There have been few athletes in the history of sports to be as widely hated by opposing fans as J.J. Redick, at least among those who didn't do anything terrible to deserve it. Redick didn't say or do anything vile, he didn't cheat. He just went to Duke and played for Mike Krzyzewski.
Redick was also very, very good. And although those chanting his name at road arenas likely knew very little of his upbringing, he somehow embodied what everyone despised about Duke in the first place. Their players were good at sports and academics, therefore making them overachievers. Also, they probably came from money, private schools and the like.
Redick, in fact, didn't represent any of those things. As he described to Grantland in 2013, he came from modest means and grew up in "the middle of nowhere, Virginia."
Fans around the country didn't let facts get in the way, not during Redick's legendary college career or during his 15 years in the NBA, which came to a close with his retirement on Tuesday. He got booed just about everywhere, even in Charlotte, relentlessly in fact. That was despite him playing his college ball in the same state. Those fans were likely partial to UNC.
Few fans probably hated Redick more, however, than those in the D.C. area old enough to remember his time playing opposite Maryland in the ACC. And in a way, it's sad to see him go as his departure from the basketball world (at least as a player) marks one of the final steps towards erasing the Duke-Maryland rivalry from modern day existence. The last will likely be this spring when Coach K is set to retire.
Redick won't be the last Duke star left in the NBA who played against Maryland, but he might as well be. There are technically eight NBA players who were on the Duke side of the rivalry, but guys like Jabari Parker and Rodney Hood just don't carry the same legacy around with them.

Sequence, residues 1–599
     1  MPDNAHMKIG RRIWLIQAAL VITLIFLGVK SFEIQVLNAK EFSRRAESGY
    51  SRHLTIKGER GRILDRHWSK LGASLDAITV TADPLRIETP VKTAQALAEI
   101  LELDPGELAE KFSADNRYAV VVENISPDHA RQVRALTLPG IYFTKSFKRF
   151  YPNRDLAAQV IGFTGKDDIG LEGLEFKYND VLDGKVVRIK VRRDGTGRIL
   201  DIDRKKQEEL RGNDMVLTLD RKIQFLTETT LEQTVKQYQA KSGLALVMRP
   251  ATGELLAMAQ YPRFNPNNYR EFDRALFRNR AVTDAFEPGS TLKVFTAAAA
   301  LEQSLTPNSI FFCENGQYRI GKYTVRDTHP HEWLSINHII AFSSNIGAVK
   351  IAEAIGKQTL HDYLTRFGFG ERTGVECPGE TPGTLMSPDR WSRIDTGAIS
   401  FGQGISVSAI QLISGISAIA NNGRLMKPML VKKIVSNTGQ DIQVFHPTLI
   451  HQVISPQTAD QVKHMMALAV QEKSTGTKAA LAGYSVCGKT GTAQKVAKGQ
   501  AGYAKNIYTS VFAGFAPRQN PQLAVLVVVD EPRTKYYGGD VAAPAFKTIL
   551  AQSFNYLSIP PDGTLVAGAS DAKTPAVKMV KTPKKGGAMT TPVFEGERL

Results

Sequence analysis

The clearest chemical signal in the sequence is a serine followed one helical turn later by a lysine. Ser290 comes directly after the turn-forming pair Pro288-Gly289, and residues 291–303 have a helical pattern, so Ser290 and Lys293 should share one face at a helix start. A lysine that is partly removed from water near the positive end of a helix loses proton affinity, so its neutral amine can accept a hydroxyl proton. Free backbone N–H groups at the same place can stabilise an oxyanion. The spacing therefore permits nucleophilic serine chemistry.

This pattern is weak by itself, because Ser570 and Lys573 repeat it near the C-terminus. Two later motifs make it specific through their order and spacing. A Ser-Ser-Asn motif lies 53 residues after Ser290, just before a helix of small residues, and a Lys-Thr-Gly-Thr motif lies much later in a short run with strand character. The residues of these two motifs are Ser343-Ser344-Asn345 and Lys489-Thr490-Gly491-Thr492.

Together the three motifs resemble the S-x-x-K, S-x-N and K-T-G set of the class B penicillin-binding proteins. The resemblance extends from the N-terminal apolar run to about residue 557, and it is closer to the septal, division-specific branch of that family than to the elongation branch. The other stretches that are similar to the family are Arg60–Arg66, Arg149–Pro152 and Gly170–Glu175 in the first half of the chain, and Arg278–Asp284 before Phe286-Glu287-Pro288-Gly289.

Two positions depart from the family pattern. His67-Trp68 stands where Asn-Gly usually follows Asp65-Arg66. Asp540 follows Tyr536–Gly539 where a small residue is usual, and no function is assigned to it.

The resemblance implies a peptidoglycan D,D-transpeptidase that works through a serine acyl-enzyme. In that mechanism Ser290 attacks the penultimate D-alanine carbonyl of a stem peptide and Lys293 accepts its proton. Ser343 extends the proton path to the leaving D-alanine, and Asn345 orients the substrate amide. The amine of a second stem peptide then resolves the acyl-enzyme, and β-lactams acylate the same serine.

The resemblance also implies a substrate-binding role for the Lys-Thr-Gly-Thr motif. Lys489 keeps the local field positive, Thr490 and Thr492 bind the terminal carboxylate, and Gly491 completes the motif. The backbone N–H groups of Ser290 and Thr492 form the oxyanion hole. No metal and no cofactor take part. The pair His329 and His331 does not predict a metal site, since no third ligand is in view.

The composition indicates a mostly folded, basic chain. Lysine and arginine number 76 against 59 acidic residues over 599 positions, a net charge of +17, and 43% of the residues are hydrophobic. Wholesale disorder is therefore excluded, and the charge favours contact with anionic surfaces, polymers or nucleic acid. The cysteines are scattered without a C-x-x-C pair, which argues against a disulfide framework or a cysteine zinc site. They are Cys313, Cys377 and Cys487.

Redick was one of the greatest scorers in college basketball history and he played Maryland at least twice a year. Redick went 5-4 against the Terps, including a 35-point barrage in his final meeting against them, a Duke win in February of 2006.
He was a great player and he fully embraced the role as a Duke villain. Redick leaned in so far he later admitted regretting doing so.
But in Maryland fans, he found his match. There are some infamous stories of fans in College Park taunting Redick with details about his family and personal life. In a way, it went beyond normal sports rivalries.
That, though, is how it was between Duke and Maryland before the latter left the ACC in 2014 to join the Big Ten. At its peak in the early 2000s, it was widely hailed as one of the best rivalries in sports. Their games were routinely showcased on national television, while both teams won national titles and made multiple Final Fours during that time.
Locally, it was a huge deal. Duke-Maryland was up there with the Washington-Dallas Cowboys rivalry in the NFL and the Capitals and Penguins in the NHL.
But in the seven years since, Duke and Maryland's men's basketball teams haven't played each other a single time. They haven't met in the annual ACC/Big Ten Challenge, nor have they crossed paths in the NCAA Tournament.
While the rivalry has gone dormant, Redick for years continued his basketball career at the NBA level. He enjoyed a long and successful career, one that would have justified a higher draft selection than where he went, 11th overall in 2006.
Redick was a college superstar and a good NBA player for a decade-and-a-half. And along the way, he reminded sports fans in the D.C. area of something many wish was still around.